Financial advisors who offer exchange- traded funds (ETFs) probably will have to start providing investors with the same type of disclosure for those products as is required for mutual funds. And like that older initiative, known as Fund Facts (FF), much work will be required to co-ordinate the new requirements for ETFs with the reporting regime of the second phase of the client relationship model (CRM2). The ETF Facts initiative will start with two-day post-trade disclosure, albeit not for a few more years.

The new initiative has been hailed by the ETF industry. “I don’t think there is any great concern,” says Pat Dunwoody, executive director of the Canadian ETF Association in Toronto. “It’s not a surprise,” she adds, noting that most ETF manufacturers have been operating under a prospectus exemption that allows them to deliver a summary disclosure document within two days of a sale.

The Canadian Securities Administrators (CSA) has proposed that the investment industry create a standard ETF Facts document and post it on the relevant websites.

Ralf Hensel, general counsel, corporate secretary and vice president of policy with the Investment Funds Institute of Canada in Toronto, welcomes the ETF Facts proposals issued by the CSA in June. “We think they are a very good first step,” Hensel says. “The idea of greater consistency in the regime between mutual funds and ETFs is a very good thing.”

The CSA proposal also will create a new delivery regime. Buy-side dealers who receive an order to purchase ETFs must deliver ETF Facts to the investor within two days following the purchase. Failure to do so means the investor can sue for damages or rescind the transaction. The delivery can be electronic, by post, by fax or in person.

Darin Renton, lawyer with Stikeman Elliott LLP in Toronto, predicts that ETF Facts will become a critical document: “People will use that as a sales document.”

The CSA’s proposal states: “The introduction of ETF Facts will help provide investors with access to key information about an ETF, in language they can easily understand,” will improve the “consistency with which disclosure is provided to investors” and create “a more consistent disclosure framework between conventional mutual funds and ETFs.”

Like the FF, the changes in store for ETF Facts are very prescriptive, lawyers say, and mandate the type of information that needs to be disclosed. ETF Facts is to be two pages, double-sided, and written in plain language. The document must disclose key information relevant to investors, including risks, past performance and costs.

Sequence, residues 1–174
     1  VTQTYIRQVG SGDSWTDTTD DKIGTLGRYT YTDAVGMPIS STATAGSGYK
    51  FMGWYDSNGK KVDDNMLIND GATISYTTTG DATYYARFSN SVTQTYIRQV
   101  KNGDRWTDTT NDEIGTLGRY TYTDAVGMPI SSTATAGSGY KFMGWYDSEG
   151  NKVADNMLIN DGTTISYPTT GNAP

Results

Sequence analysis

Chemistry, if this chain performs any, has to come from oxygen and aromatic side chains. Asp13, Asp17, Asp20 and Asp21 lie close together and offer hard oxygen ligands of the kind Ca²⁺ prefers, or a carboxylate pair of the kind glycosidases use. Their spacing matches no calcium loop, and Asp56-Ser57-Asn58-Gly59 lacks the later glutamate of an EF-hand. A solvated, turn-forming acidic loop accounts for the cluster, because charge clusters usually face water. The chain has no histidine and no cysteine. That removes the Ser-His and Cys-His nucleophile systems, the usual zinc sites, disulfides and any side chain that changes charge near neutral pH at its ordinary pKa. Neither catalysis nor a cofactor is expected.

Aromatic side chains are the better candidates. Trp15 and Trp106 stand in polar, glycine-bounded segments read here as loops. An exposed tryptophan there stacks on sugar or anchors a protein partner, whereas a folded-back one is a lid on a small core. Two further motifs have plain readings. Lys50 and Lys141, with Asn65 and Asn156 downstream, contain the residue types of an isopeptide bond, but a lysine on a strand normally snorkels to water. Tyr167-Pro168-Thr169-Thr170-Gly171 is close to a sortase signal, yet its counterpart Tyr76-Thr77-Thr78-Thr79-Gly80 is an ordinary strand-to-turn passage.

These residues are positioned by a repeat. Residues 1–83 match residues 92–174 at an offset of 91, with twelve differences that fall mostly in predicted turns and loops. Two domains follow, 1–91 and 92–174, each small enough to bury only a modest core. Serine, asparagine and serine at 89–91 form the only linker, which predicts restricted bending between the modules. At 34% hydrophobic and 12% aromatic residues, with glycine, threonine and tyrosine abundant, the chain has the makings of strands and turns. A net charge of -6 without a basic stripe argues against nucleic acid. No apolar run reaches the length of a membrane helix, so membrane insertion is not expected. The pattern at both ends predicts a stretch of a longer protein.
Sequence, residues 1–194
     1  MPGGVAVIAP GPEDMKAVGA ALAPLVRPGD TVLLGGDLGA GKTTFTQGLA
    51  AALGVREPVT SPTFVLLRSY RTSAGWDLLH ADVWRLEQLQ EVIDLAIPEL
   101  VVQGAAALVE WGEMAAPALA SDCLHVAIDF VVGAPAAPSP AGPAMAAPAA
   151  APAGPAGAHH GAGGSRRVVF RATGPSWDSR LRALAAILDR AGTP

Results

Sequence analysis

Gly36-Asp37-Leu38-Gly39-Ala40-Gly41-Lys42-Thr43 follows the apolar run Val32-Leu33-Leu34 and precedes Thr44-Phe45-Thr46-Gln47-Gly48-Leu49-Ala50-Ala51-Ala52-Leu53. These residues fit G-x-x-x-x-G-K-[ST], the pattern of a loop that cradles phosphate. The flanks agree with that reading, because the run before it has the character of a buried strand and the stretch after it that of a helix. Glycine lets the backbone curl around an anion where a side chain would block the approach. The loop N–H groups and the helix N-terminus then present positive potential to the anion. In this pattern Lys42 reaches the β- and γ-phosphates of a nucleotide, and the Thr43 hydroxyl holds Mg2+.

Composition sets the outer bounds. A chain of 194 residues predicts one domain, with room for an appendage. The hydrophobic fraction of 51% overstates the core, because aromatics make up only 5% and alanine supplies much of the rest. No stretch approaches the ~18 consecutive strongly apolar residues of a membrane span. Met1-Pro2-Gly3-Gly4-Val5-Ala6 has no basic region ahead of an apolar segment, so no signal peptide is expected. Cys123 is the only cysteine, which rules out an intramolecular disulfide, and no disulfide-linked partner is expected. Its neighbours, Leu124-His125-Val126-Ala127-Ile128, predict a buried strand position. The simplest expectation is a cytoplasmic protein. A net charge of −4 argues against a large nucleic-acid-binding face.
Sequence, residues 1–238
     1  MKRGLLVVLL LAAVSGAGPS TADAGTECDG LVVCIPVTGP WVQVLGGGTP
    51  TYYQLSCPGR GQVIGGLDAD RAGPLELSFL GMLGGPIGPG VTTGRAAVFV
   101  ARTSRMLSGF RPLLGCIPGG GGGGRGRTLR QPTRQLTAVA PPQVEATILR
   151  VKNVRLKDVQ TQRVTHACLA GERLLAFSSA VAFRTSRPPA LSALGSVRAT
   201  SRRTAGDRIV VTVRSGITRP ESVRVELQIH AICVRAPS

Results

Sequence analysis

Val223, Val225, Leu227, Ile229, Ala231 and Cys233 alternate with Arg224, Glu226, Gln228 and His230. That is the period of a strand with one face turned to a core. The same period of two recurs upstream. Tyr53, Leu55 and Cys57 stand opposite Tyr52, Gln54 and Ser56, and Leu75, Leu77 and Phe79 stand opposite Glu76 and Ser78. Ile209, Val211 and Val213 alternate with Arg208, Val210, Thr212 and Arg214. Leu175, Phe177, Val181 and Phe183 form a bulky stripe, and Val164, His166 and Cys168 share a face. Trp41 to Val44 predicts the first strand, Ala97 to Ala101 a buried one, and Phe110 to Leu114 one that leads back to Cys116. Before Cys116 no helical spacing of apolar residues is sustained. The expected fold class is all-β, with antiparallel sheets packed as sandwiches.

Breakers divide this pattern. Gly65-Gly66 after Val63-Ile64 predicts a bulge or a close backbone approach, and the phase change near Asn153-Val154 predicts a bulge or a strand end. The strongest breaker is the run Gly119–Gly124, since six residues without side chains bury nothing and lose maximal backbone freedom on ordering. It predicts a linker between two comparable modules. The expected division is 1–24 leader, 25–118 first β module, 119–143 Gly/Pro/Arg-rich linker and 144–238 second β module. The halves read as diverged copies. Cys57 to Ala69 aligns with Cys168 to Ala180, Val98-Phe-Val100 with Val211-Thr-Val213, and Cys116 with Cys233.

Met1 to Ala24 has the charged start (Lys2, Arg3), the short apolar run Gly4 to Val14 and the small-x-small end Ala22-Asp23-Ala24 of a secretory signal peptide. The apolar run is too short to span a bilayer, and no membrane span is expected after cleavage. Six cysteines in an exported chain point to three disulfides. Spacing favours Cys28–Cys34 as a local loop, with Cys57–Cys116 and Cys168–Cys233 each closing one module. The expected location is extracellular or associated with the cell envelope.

Because ETFs are bought and sold through an exchange, the CSA also proposes that information relating to market price, the bid/ask spread and the premium or discount of market price to net asset value (NAV) ratio be discussed.

The CSA has created a template, which has been tested in focus groups, similar to the preparations for the FF. This research revealed that investors do not understand that ETFs have a market price and a NAV. Focus group testing also revealed that investors want to know about any trailer fees.

Notes Dunwoody: “It really is a whole new way of speaking about absolute costs.” She predicts that advisors may find explaining the meaning of such terms as the bid/ask spread to clients difficult.

Michael Bunn, securities lawyer with Norton Rose Fulbright Canada LLP in Toronto, predicts a move to point-of-sale disclosure may be coming for ETFs. “[The CSA] hasn’t closed the door on moving to a point-of-sale regime for ETFs in the future,” he says. “They just haven’t got there yet.”

Bunn says there are a few wrinkles applicable to ETFs that do not apply to mutual funds. For example, ETFs trade on an exchange and the price fluctuates during the day. “Regulators need to consider those points if they do move to a point-of-sale regime for ETFs,” he says.

Carolyn Shaw-Rimmington, manager of public affairs with the Ontario Securities Commission, notes that the FF was deployed in stages: “Using a staged approach also allows us to continue to consider the applicability of pre-sale delivery in the ETF context.” She adds that there are some “mechanical differences” between the way mutual funds and ETFs are purchased. “We need to consider further whether those nuances merit different approaches in terms of the timing of delivery.”

In addition, the CSA’s proposal creates a new delivery obligation for buy-side dealers, says Shaw-Rimmington: “Traditionally, dealers have had the obligation to deliver prospectuses when they act on the sell side. We recognize that this is an entirely new obligation for the buy side, and we anticipate that there may be some implementation issues related to this shift in approach, particularly for dealers that are not currently captured by the exemptive relief that is in place.”

For manufacturers of ETFs, the challenge, Bunn says, will be in the application of a risk rating, which is a new requirement. Some highly leveraged ETFs, or those that allow short sales, can lose a lot of money quickly and are suitable only for certain types of investors, Bunn adds. He notes that dealers have to make sure that financial advisors are comfortable with the contents of ETF Facts and must guide advisors when it comes to issues of suitability.

Renton notes that the timeline for rollout of the ETF Facts initiative in its entirety is likely to be 2018: “People are going to have a good long time to adjust. It will give people time to get used to it.”

Hensel adds that the ETF segment of the industry can look to the mutual fund segment for guidance. “They have the advantage that we’ve gone first,” he says. His advice is simple: “It’s always in the details.” He urges the ETF industry to embrace ETF Facts: “It’s good for the investor.”

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